Author Topic: Add: In Bethlehem City


Posted - 30 Mar 03 - 12:05 pm

In Bethlehem City

In Bethlehem city, in Judaea it was,
That Joseph and Mary together did pass,
All for to be tax-ed when thither they came,
For Caesar Augustus commanded the same.

Then let us be merry, cast sorrow away,
Our Saviour Christ Jesus was born on this day.

But Mary's full time being come as we find,
She brought forth her first-born to save all mankind;
The inn being full of the heavenly Guest,
No place could she find to lay Him to rest.

Blest Mary, blest Mary, so meek and so mild,
All wrapped up in swathing this heavenly Child,
Contented she laid where oxen do feed,
The great God of nature approved of the deed.

To teach us humility all this was done,
To learn us from hence haughty pride for to shun.
The manger His cradle Who came from above,
The great God of mercy, of peace and of love.

Then presently after the shepherds did spy,
Vast numbers of angels did stand in the sky;
So merry were talking, so sweetly did sing,
"All glory and praise to the heavenly King!"

Source: Broadwood, Lucy, 1893, English County Songs, Leadenhall Press, London


Collected by Lucy Broadwood from Mrs Wilson, near King's Langley, Herts.

Database entry is here.

Edited By dmcg - 03-Mar-2004 11:34:15 AM

masato sakurai

Posted - 30 Mar 03 - 03:36 pm

According to The New Oxford Book of Carols (1992, p. 506; note to "A Virgin Unspotted"), the earliest known version of the text is in New Carolls for this Merry Time of Christmas (London, 1661), and the tune [different one?] is found for the first time in The Compleat Psalmodist (1741) by John Arnold, of Great Warley, Essex, in a four-part setting. The tune to this carol (but with different words) in William Chappell's Popular Music of the Olden Time, vol. 2, p. 642) is that to "Admiral Benbow." "A Virgin Unspotted" in Bramley and Stainer's Christmas Carols New and Old (1871, no. III) has a somewhat similar tune.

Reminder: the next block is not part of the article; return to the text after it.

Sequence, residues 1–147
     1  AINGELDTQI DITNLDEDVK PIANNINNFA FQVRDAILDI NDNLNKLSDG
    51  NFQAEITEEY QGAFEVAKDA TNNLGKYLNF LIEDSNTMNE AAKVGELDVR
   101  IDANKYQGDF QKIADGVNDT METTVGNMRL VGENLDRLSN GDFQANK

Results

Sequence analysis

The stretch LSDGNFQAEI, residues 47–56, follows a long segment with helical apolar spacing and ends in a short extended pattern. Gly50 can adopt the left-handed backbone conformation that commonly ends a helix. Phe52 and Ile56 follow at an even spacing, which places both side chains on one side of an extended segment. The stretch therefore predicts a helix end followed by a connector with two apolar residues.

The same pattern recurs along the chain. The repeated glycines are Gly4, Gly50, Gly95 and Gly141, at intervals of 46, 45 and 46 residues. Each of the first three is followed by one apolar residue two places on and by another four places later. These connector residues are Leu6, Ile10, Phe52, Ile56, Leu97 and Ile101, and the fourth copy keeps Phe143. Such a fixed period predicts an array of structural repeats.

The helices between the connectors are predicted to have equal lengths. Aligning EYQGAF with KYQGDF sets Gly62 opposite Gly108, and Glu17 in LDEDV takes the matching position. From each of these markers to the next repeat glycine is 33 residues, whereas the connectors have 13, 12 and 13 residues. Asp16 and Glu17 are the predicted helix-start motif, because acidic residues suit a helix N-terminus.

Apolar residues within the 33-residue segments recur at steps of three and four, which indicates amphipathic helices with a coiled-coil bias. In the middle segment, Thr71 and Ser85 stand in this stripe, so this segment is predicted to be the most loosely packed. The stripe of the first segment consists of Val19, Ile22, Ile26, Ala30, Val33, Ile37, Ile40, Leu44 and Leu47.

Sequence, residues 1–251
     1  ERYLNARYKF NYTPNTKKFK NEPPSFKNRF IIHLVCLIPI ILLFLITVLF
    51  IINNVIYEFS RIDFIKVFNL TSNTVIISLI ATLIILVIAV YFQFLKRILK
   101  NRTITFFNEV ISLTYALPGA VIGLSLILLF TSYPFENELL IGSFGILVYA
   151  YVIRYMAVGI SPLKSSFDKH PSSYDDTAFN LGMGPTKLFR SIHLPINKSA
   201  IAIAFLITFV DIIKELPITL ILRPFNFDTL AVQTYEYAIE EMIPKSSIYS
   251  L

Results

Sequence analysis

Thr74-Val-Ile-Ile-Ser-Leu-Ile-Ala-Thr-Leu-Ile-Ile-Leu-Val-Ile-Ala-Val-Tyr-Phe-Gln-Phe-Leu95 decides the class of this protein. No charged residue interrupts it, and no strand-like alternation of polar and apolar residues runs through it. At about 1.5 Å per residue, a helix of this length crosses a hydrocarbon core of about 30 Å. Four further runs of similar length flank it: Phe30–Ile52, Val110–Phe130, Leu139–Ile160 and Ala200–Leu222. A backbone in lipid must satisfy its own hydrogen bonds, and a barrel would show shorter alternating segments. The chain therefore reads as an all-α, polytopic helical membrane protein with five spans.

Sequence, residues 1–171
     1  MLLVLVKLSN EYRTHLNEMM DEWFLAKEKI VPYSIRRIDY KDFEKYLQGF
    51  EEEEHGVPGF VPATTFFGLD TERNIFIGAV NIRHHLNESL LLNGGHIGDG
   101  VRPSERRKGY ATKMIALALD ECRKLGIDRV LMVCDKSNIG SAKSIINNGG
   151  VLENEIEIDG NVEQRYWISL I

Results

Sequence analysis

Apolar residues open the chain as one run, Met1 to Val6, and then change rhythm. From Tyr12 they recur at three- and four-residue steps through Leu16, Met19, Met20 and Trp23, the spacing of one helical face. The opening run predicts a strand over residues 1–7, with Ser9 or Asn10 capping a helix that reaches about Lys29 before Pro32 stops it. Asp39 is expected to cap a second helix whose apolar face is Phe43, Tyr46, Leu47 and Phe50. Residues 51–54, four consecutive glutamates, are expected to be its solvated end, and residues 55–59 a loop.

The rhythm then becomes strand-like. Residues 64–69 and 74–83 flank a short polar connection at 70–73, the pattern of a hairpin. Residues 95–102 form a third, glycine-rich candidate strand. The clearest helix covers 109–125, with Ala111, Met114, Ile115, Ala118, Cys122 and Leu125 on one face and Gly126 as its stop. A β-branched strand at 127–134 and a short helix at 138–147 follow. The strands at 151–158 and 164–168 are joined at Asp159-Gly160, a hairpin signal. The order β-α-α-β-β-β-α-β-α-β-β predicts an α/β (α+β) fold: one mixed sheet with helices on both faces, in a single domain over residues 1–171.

These versions are at Bodleian Libray Broadside Ballads.
A Virgin Most Pure (or "Carol").

The Virgin Unspotted

Sinners' Redemption

Edited By masato sakurai - 30/03/2003 15:42:35

Guest Account
Posted - 12 Dec 03 - 10:43 am

From: SImon Beard

Have just come across this in an old EFDSS edition of "Folksongs, Ballads and Chanteys". I am intrigued as to why, if Lucy Broadwood collected it in Herts, why it is listed as a Northamptonshire carol in English County Songs?
I am teaching it tonight to a Northamptonshire village wassail evening!


Posted - 12 Dec 03 - 01:55 pm

wierd that this should come up - since the other night I had this dream of a Carol "In bethlehem city" - but to the tune of "cockles and mussels" (which - with a little tweaking this would fit!)

Malcolm Douglas
Posted - 12 Dec 03 - 04:58 pm

Although living at King's Langley in Hertfordshire, Mrs Wilson was "a native of Northamptonshire", as Lucy Broadwood mentions a little later in English County Songs (The Seeds of Love, note, p.59). Presumably she said she had learned her songs there.

Number 1374 in the Roud Folk Song Index: at present only this example is listed.

Edited By Malcolm Douglas - 12-Dec-2003 05:00:14 PM


Posted - 28 Apr 07 - 07:22 am

Added A Virgin Unspotted


Posted - 07 May 07 - 08:41 pm

Sharp took a version of this carol from Henry Thomas at Chipping Sodbury Workhouse (Sth Glouc). Mr Thomas's tune is quite similar to that on this site. According to the information I have, it derives from a hymn tune by the 18th cent Dorset composer William Knapp, which has since been reworked by various West Gallery composers.

Irene Shettle

Posted - 29 Nov 09 - 07:34 pm

The songs in English County Songs have actually been allocated to counties by somewhat arbitrary means ... since Mrs Wilson was born in Northants, and lived there until her early twenties (as far as I can see from my current research)this was presumably used as a reason to allocate one of her songs to the county of Northamptonshire. It would seem that the reason for this is no more logical than allocating her other song in the book to Hertfordshire since she was living there at the time.There are various other examples of this type of approach in the book, which have been commented upon by David Gregory in his article "Before the Folk-Song Society: Lucy Broadwood and English Folk Song, 1884-97" for the Folk Music Journal in 2008. It was possibly an attempt to justify the title of the collection ? (In fact there are three counties totally missing from the collection altogether).

Clara Susanna Wilson was born Clara Smith, in Little Oakley in Northants around 1848/9 (census returns are notoriously inaccurate on dates of birth, and I have to do further research on this point) . She and Cornelius Wilson, a gardener, slightly younger than herself, who was born in Abbots Langley, Hertfordshire were married in the summer of 1876, and appear to have had one daughter, Selina, who was a self-employed dressmaker in 1901. They were living in Kings Langley, Herts in 1891 the year when Lucy visited Clara in order to collect songs from her on two occasions in November of that year.

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